A recent report documents how Canadian children have been adversely impacted by the COVID-19 pandemic.
The report, Raising Canada 2020, is the third in an annual series of reports by the advocacy organization Children First Canada, which tracks the top 10 threats to childhood safety.
The report reveals that many of the top threats to childhood, including mental illness, food insecurity, physical inactivity and poverty, may be in danger of increasing because of the pandemic.
That’s a timely warning, because the impact of the COVID pandemic is a lot to deal with if you’re a kid.
Mom or dad or maybe both don’t go to their workplace anymore, but sit at home Zooming with their computer and telling you not to distract them.
You overhear quiet conversations about “layoffs” (whatever they are) and mom and dad seem worried all the time about money.
It’s also confusing when mom and dad caution you about following the lines in the grocery store and in the school hallways.
Yet a lot of adults are still not wearing masks and are ignoring the arrows and space markings on the floor at the grocery store.
Some kids wear masks at school and follow the lines on the floor, while others, without masks, tease mask wearers about being “scaredy cats.”
Worst of all, you can’t sit near your friend at school and you’re supposed to wash your hands a lot at a single handwashing station for 25-30 other kids.
As if all this were not troubling enough, people on the TV news keep talking about some sickness that is killing thousands of people and that you could get it if you don’t follow the new rules.
Taking all of the above into account, we can understand how the pandemic is harder on kids (who are in control of nothing) than adults, who can at least rationalize this epidemic of bad news about the demands of the new world of COVID 19.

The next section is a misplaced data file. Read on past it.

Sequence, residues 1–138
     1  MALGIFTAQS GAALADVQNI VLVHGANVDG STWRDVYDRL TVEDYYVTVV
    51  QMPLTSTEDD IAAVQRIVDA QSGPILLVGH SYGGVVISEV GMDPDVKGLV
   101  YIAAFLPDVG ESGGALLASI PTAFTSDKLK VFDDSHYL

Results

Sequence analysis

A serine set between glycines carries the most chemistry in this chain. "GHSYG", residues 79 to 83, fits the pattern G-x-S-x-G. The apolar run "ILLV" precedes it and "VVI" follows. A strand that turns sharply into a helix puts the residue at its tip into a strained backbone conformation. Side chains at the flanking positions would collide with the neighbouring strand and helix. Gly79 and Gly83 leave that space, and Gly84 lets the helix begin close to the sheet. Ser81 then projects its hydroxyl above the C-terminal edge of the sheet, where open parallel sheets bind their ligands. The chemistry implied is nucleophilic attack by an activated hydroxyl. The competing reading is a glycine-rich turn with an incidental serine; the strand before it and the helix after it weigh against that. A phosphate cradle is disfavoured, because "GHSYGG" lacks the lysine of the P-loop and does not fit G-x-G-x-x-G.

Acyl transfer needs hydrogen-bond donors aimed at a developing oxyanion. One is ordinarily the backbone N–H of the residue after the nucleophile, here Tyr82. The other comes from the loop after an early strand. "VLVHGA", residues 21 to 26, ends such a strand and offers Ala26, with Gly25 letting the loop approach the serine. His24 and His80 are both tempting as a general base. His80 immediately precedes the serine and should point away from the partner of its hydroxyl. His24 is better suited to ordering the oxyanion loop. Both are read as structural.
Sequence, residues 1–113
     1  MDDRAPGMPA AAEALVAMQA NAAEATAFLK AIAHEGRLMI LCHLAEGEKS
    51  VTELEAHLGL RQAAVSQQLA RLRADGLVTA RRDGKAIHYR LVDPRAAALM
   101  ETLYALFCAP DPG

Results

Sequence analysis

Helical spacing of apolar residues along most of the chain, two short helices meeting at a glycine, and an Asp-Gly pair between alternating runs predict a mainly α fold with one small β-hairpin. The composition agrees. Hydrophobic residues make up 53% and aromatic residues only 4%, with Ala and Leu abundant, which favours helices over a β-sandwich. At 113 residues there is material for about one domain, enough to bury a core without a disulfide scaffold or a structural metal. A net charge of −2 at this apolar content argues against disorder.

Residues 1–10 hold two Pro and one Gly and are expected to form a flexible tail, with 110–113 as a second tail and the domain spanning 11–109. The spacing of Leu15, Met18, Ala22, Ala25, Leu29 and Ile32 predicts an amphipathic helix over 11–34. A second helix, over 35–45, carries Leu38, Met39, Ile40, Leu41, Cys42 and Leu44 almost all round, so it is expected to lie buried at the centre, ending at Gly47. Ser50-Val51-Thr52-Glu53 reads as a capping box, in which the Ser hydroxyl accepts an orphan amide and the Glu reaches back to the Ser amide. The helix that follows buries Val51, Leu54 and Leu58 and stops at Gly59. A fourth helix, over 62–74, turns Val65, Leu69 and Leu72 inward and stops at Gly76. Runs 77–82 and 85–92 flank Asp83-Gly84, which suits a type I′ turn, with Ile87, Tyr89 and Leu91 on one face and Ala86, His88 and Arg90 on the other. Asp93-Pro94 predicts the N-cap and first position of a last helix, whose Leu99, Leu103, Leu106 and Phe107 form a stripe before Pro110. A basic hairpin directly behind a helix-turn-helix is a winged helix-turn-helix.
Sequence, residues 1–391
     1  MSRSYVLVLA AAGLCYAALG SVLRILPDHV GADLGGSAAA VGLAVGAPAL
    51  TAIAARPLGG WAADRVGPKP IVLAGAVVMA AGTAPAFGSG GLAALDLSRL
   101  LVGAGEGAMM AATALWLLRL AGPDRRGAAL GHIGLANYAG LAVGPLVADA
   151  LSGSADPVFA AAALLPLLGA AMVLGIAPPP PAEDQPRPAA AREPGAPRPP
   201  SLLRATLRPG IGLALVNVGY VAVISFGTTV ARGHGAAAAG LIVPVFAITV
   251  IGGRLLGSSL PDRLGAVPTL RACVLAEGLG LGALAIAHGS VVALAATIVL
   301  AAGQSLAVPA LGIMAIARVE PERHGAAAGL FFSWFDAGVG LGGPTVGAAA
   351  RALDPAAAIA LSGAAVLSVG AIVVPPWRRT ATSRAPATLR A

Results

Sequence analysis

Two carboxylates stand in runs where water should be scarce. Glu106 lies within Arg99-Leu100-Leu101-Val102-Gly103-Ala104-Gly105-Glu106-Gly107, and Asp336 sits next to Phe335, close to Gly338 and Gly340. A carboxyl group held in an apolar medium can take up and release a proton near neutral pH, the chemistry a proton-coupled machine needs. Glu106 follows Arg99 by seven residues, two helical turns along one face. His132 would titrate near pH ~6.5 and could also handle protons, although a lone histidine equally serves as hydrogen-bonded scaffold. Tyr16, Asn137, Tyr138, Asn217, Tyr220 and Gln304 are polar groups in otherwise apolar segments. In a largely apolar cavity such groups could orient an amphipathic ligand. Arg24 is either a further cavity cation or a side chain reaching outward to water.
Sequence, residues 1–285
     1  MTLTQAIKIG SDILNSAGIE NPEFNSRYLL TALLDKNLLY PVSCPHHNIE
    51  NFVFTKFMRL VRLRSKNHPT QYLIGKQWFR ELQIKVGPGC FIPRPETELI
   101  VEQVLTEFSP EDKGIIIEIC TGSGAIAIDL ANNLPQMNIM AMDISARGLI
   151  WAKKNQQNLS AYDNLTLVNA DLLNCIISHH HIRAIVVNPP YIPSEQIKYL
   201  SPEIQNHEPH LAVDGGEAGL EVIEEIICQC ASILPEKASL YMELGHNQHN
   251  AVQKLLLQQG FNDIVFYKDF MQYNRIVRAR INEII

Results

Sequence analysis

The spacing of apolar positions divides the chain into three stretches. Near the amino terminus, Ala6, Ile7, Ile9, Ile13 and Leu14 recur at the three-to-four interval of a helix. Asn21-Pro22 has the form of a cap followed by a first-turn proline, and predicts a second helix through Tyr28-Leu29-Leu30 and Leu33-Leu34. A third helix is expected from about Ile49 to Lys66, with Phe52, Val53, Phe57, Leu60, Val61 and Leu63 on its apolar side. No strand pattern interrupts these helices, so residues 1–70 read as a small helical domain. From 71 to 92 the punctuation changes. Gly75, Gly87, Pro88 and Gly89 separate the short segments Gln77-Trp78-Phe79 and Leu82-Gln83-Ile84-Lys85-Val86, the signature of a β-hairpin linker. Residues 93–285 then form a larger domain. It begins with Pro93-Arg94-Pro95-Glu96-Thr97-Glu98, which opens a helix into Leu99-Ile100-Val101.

The report was jointly published by Children First Canada and the University of Calgary Cumming School of Medicine’s O’Brien Institute for Public Health and the Alberta Children’s Hospital Research Institute.
It is a “stark reminder of the significant threats to child health and wellness in Canada likely exacerbated by the COVID-19 pandemic,” says Brent Hagel, professor of the Cumming School of Medicine, adding that it’s also a call to action for us to address these issues and protect children’s rights.
As challenging a time as this pandemic is for children, the report also highlights the fact that along with children’s vulnerability, they can, with the right kind of adult support, be part of turning things around. “Children must be engaged in Canada’s recovery efforts,” says Sarah Austin, founder and CEO of Children First Canada, adding:“Truly child-centred policies can only happen when we act with children, rather than acting for them.”
Here in B.C., schools are doing what they can to stay open and are receiving an extra $2 million for mental-health programs from the provincial government.
How that relatively small amount of money will be allocated is up to individual school districts.
Some will hire additional counsellors and that’s a good thing, but as a former superintendent I fervently hope some money will be allocated to keeping the community, especially the parent community, fully informed on a weekly basis about the steps schools are taking to ensure the safety and well being of children.
That information will hopefully reassure parents and that reassurance will filter down to the kids, who depend upon adults to provide them with a sense of safety as they go to school each day.
Judy Darcy, the minister of mental health and addictions, says the province is spending more on mental health programs this year because children are facing a very different return to school.
Darcy says a total of $3.75 million will be spent in the 2020-21 school year to promote mental wellness and provide additional support for students, families and educators.
Again all good news, but given what is needed just to remediate school buildings that for years have experienced overcrowded classrooms, poor ventilation systems and not enough handwashing stations, $3.75 million is a drop in the bucket. It is not nearly enough to ensure the physical safety of B.C.’s half a million public school students in 1,600 public schools with 25,000 classrooms.
Add to that the need for additional teacher training in how to deal with kids experiencing significant personal anxiety during a crisis that only seems to be worsening.
It may be time to open the public education purse strings a little wider.
Geoff Johnson is a former superintendent of schools.